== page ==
Steven R. Cohen, MD, MPH, is Chief Emeritus of Dermatology and Professor of Medicine (Dermatology) at the Albert Einstein College of Medicine in the Bronx in New York City, NY. He is also Director of the Hidradenitis Suppurativa (HS) Center and a recognized authority in the fields of complex medical dermatology, as well as psoriasis and HS. Dr. Cohen met with The Dermatologist to discuss the efficacy of high‑dose intralesional triamcinolone (ILTAC) for HS.
Based on the August 2020 study,1 what types of patients may be good candidates for the high‑dose ILTAC treatment?
We wrote this article to examine our experience with intralesional corticosteroid therapy in HS, using a range of dosing regimens for inflamed nodules, abscesses and sinus tracts. We asked patients whether they got better, whether they thought this was an effective therapy, whether it reduced their pain, whether it sustained their remission, and so forth. Based on that feedback, plus my own clinical observations, intralesional therapy is most suitable for acute or chronic inflammation. In other words, the ideal candidates for intralesional therapy present with redness, heat, pain, and swelling, of HS lesions.
However, many patients have painless sinus tracts. The tracts are not inflamed, but they often drain and smell when colonized with odiferous bacteria. Although these non inflamed tracts (or “tunnels”) are terribly disabling, the patients with these lesions are not good candidates for intralesional steroids. Ulcers, even when painful and inflamed, are typically unresponsive to intralesional steroids. The injections may aggravate ulcerated lesions.
One of the outcomes experienced by almost all patients with advanced HS is scarring. We do not use intralesional therapy for scars unless the patient has a tendency to form keloids.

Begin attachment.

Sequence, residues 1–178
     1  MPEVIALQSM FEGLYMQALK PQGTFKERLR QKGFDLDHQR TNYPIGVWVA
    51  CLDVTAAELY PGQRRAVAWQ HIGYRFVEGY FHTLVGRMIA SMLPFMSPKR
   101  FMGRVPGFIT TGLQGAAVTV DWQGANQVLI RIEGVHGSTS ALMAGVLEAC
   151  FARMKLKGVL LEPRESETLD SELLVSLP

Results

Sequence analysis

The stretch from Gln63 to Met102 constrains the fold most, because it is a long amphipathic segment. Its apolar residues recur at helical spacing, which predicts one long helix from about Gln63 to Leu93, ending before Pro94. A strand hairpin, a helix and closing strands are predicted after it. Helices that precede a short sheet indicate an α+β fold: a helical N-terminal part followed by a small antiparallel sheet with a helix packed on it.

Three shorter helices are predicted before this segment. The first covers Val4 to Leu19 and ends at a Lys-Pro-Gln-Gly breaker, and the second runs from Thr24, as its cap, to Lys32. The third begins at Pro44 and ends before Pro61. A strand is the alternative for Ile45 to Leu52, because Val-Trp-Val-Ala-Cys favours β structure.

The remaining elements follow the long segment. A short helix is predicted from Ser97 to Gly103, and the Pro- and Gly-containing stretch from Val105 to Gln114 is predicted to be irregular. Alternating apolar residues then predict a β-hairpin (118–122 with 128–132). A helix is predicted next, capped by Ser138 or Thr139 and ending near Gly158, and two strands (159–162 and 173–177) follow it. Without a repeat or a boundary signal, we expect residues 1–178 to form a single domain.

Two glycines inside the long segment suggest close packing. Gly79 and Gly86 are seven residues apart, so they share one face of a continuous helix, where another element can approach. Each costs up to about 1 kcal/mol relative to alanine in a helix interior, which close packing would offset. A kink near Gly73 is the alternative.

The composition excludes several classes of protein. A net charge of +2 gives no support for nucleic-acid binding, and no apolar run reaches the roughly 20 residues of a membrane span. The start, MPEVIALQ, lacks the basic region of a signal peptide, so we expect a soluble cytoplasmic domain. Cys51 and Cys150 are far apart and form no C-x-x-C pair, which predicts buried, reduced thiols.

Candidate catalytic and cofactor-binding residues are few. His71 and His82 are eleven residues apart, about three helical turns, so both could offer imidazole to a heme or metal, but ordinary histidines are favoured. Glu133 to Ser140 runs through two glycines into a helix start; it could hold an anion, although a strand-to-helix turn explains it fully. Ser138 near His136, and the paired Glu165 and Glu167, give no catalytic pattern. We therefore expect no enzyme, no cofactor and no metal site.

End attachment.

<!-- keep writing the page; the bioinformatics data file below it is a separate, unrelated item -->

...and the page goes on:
This is a long answer, but it is difficult to define the ideal candidate for intralesional therapy. The simple answer is to say, "Oh, well, anybody with inflammation and pain would be a good candidate for this approach." However, if you are not an HS specialist or you do not have a good feeling for the range of morphologies in this disease, then I would urge caution before using high-dose intralesional steroids. Consultation with a more experienced physician is advisable.
I counsel my students and colleagues to be selective when using intralesional therapy. Restrict treatment with high concentrations of corticosteroids (ie, 20-40 mg/mL) to inflamed areas. Avoid sites that are not inflamed, draining, and painful.
HS is a debilitating condition that results in a poor quality of life due to high disease burden. In what ways can ILTAC modify patients’ quality of life?
Many patients with HS have focal areas of involvement affecting the underarms, inframammary skin, groin and buttocks. It is noteworthy that more than 50% of patients have groin lesions.2 These inflamed and painful areas are incredibly disabling. Active lesions may drain onto the clothes and cause a foul odor. Individuals with HS often do not want to go out, and experience a profoundly restricted social life. When HS involves many anatomic areas with large numbers of inflamed, draining, and painful lesions, the use of intralesional therapy may be impractical.
Ideally, a patient with one to six lesions is someone I am likely to treat with high-dose intralesional therapy. With the superior efficacy of high-dose therapy, the patient is most likely to see an improvement in quality of life.
Alternatively, when there are multiple areas of involvement (ie, under each arm and under each breast) and more than 6 actively inflamed and draining lesions, what is the approach? When the intralesional steroid dose exceeds 120 mg, this approach becomes increasingly impractical. I would not encourage injecting a very high volume of steroids because patients get this systemically, as well.